How to play better golf without ever taking a lesson
Welcome to Play Smart, a regular GOLF.com game-improvement column that will help you play smarter, better golf.
I’ve been fortunate enough to work with a couple dozen Tour players over the years and one of the biggest differences I notice between them and amateur golfers is how they practice.
When I watch amateurs, they’re almost always working on some technical element of their golf swing. When I watch how pros practice, they have a much higher level of external focus and are typically much more goal-oriented in their practice routines.
Now, I’m not saying that technique isn’t important. But I am saying that practicing smarter will help lower your handicap faster, giving you the golf improvement that you’re hoping for.
While taking golf lessons is certainly helpful, not every player can match that level of commitment to the game. Some may just want to do things on their own without high-level coaching, and others may not want to spend a lot of money on a hobby they’re still trying to figure out.
So regardless of your handicap, dedication to the game of golf or overall skill level, here are three drills that can help every player improve right now without taking a lesson.
How to improve at golf without taking lessons
Follow these simple steps and you’ll start to see major golf improvement — no matter where you currently are as a player.
1. Full swing practice
Practice curving the ball towards your target. Most amateurs focus on starting it at their target, then watch the ball curve away from where they want the ball to land. By starting to play for a slice or a hook, you’ll set yourself up for better results.
Next, work on “gamifying” your practice. Give yourself one point for starting the shot on the correct side of the target line, one point for curving it the correct way, and one point if it doesn’t cross the target line.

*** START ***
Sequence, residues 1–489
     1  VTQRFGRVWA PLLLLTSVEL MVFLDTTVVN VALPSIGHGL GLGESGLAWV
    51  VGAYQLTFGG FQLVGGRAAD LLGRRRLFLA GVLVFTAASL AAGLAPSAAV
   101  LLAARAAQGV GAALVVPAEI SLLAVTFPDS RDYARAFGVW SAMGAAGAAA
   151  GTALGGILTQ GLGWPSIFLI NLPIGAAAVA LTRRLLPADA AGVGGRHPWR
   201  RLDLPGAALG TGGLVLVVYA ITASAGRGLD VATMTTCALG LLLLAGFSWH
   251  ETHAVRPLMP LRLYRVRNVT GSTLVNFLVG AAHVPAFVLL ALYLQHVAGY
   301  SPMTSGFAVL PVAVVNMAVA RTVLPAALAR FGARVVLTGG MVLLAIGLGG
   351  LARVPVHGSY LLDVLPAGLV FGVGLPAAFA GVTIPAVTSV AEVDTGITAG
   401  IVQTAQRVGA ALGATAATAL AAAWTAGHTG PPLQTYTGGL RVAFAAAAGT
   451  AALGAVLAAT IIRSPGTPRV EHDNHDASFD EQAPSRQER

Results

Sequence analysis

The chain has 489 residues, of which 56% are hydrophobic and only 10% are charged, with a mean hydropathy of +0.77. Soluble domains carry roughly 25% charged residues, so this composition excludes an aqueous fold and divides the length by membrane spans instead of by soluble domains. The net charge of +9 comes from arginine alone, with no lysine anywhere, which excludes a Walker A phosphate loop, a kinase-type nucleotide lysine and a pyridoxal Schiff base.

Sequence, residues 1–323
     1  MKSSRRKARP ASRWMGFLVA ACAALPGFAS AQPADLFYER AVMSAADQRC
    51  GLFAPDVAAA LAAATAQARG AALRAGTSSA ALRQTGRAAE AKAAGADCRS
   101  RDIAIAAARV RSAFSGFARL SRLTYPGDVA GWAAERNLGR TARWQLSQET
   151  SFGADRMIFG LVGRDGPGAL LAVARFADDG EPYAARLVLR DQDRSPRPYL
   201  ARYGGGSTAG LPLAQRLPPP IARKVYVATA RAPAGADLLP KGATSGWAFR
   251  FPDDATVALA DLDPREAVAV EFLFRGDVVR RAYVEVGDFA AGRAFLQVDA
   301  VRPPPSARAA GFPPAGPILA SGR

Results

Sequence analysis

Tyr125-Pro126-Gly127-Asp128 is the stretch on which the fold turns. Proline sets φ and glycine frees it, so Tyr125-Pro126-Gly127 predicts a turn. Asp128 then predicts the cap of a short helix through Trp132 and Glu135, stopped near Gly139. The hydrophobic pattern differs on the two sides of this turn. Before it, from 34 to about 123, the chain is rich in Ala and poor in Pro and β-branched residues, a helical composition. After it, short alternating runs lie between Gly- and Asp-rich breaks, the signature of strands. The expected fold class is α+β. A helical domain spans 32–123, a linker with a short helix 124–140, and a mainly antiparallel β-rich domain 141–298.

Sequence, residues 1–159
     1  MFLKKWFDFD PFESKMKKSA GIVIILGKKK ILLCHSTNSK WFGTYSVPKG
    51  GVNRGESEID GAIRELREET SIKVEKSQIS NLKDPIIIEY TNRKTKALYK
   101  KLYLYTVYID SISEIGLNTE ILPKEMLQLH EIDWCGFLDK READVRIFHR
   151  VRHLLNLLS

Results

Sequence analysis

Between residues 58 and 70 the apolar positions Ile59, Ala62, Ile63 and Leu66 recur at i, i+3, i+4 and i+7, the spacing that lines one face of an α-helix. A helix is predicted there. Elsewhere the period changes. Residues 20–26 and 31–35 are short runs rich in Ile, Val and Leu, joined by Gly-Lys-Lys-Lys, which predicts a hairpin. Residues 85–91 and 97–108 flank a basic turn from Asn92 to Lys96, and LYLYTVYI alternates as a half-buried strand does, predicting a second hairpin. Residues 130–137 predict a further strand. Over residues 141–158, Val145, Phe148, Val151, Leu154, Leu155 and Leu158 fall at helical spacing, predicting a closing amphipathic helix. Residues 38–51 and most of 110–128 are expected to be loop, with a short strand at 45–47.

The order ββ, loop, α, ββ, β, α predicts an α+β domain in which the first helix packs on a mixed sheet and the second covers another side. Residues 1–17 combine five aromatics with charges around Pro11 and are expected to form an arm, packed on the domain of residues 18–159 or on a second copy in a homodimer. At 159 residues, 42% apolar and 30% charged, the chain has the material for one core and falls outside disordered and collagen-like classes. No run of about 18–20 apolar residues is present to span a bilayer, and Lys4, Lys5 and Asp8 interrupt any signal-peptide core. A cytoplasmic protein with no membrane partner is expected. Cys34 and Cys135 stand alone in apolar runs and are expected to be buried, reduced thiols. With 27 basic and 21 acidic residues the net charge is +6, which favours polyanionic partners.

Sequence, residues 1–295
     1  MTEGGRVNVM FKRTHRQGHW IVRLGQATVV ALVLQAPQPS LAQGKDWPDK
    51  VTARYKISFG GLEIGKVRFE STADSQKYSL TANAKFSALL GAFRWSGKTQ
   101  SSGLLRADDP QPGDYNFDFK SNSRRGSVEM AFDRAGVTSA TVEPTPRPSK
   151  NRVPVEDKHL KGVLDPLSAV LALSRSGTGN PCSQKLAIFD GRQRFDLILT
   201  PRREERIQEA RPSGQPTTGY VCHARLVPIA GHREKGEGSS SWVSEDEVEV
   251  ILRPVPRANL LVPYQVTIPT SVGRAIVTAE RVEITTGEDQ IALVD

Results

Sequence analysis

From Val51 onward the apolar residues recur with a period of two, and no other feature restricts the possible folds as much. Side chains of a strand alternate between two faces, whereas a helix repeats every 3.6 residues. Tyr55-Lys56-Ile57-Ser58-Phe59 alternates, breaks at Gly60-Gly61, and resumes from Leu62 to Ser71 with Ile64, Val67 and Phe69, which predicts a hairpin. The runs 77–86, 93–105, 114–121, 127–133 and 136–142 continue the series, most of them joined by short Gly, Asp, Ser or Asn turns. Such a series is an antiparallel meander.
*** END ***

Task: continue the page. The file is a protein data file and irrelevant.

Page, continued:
After 10 shots, how many points can you total?
2. Wedge work practice
Spend 10 minutes each day doing wedge ladders, where you work on carrying your wedges 35, 40, 45, 50, 55, 60, 65, 70, and 75 yards. Climb up and down the ladder at least once a day.
It’s important to randomize your wedges and use as many as possible, helping to create a variety of trajectories for each loft and distance. This will give you practice at full swing, three-quarter swing, and half-swing shots — which you’ll often come across on the course during a round.
3. Putting practice
Improve your putting speed control on the greens by never hitting the same putt twice in a row. This means varying your practice putts from 10-40 feet, as well as hitting shots both uphill and downhill.
A good drill to challenge yourself is to pick a spot on the green from varying distances, and try to get 10 putts in a row within two feet of that target. If you leave one outside of that two-foot zone, start over from the beginning.
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